An Asian Christian woman living in London blogging about the everyday issues of religion

Thursday, 21 July 2011

Famine is a religious and political issue

The moving and devastating images of mothers in the Horn of Africa carrying and dragging their starving and dehydrated children into UN camps has moved me to tears. The Horn of Africa (the most eastern part of the African continent) has not had any rain for two years resulting in a severe food shortage. The extra burden of rising food prices has made eating out of the question for millions in the area.

Why in this modern day are we watching scenes of babies crying in pain and dying in front of TV camera lenses? Even worse, it has been reported that mothers are having to make choices as to which of their children they are going to save. As a result, babies who are far too weak are being left in the desert to die while the family carries on the trek to the UN camps to save their other children.

All they need is food, water and medical supplies. The solution is as simple as that yet it seems as if much of the globe has been covered with a sticker which states 'nil by mouth'. Famine and starvation in modern day is a political and religious issue. We can't keep blaming the weather anymore though there is plenty of evidence to suggest climate change is partly to contribute to food shortages.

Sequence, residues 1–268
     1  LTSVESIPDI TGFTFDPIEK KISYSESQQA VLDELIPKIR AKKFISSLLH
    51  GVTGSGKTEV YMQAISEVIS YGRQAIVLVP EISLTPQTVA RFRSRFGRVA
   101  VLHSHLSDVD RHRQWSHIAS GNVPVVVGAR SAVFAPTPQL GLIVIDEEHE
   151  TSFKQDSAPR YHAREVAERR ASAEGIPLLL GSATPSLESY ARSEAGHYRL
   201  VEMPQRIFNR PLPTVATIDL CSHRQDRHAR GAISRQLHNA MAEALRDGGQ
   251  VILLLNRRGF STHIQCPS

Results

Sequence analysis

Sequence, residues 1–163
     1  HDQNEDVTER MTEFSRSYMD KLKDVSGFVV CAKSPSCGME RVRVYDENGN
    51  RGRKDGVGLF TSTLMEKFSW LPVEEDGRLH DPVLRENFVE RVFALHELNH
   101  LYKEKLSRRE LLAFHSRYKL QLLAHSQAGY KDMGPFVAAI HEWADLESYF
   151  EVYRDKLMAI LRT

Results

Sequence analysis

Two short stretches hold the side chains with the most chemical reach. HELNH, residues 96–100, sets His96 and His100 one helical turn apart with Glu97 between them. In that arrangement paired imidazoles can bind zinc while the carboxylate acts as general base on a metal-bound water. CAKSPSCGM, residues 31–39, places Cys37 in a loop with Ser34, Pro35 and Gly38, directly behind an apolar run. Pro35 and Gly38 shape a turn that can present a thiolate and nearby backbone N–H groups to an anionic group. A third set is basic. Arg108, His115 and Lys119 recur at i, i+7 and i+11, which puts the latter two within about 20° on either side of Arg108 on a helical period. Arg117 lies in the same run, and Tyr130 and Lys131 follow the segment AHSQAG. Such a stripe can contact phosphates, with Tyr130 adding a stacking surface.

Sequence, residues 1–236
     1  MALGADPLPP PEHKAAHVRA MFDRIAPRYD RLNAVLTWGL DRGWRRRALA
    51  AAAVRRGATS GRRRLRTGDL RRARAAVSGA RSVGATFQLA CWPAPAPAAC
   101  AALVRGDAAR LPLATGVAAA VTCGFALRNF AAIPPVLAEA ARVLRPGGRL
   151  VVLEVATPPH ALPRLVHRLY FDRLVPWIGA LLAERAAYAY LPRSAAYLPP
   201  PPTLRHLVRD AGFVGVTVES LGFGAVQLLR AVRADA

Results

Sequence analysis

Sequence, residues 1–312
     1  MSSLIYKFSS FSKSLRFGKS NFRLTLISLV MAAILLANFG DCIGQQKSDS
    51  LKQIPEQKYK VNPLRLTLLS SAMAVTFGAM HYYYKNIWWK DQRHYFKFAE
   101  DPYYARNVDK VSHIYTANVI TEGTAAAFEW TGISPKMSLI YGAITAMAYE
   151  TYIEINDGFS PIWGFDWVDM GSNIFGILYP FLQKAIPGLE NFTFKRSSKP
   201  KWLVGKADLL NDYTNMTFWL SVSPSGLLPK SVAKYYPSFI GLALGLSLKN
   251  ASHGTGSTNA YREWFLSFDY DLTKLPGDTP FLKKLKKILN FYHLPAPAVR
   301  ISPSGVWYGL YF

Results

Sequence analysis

If globalisation can result in multinational corporations setting up bases across the world; people migrating to seek their fortunes elsewhere; and the financial systems able to work around the clock to accommodate different time zones then why not a strategy to eradicate famine? It is partly because of corrupt political regimes that siphon money away from the poor and disenfranchised. It is also because of infighting between tribes in Africa who each think they are superior to the other and the Muslim extremists who are stopping people from leaving areas to flee to UN camps. Why has religion become a reason for people to die in this situation?

Christian Aid published a report in 2008 titled, 'Fighting Food Shortage. Hungry for Change' in which it refers to food crisis as the 'silent Tsunami' and states that the shortage is man made. Mothers of starving and dying children are caught up in a political nightmare. The solutions are clear. If you look at the websites of charities such as Save the Children and Christian Aid you will find reports published on what it will take to eradicate hunger. But solutions require a will for an outcome to take place.

It is only by the accident of birth that you or I aren't one of those poor women, men or children. Thus, we owe it to them to do what we can.

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